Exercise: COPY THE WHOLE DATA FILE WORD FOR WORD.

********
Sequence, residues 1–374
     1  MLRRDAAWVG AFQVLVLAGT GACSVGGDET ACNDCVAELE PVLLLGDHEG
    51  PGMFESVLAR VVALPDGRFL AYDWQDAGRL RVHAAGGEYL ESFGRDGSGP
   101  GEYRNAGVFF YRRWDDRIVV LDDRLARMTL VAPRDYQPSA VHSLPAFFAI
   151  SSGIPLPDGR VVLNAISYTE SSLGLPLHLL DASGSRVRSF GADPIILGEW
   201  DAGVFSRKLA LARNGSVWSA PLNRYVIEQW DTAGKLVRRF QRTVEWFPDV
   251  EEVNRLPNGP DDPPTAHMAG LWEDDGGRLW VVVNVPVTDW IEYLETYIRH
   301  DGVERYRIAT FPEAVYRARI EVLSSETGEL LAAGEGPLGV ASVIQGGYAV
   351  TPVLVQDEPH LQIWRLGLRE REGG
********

Sequence, residues 1–374
     1  MLRRDAAWVG AFQVLVLAGT GACSVGGDET ACNDCVAELE PVLLLGDHEG
    51  PGMFESVLAR VVALPDGRFL AYDWQDAGRL RVHAAGGEYL ESFGRDGSGP
   101  GEYRNAGVFF YRRWDDRIVV LDDRLARMTL VAPRDYQPSA VHSLPAFFAI
   151  SSGIPLPDGR VVLNAISYTE SSLGLPLHLL DASGSRVRSF GADPIILGEW
   201  DAGVFSRKLA LARNGSVWSA PLNRYVIEQW DTAGKLVRRF QRTVEWFPDV
   251  EEVNRLPNGP DDPPTAHMAG LWEDDGGRLW VVVNVPVTDW IEYLETYIRH
   301  DGVERYRIAT FPEAVYRARI EVLSSETGEL LAAGEGPLGV ASVIQGGYAV
   351  TPVLVQDEPH LQIWRLGLRE REGG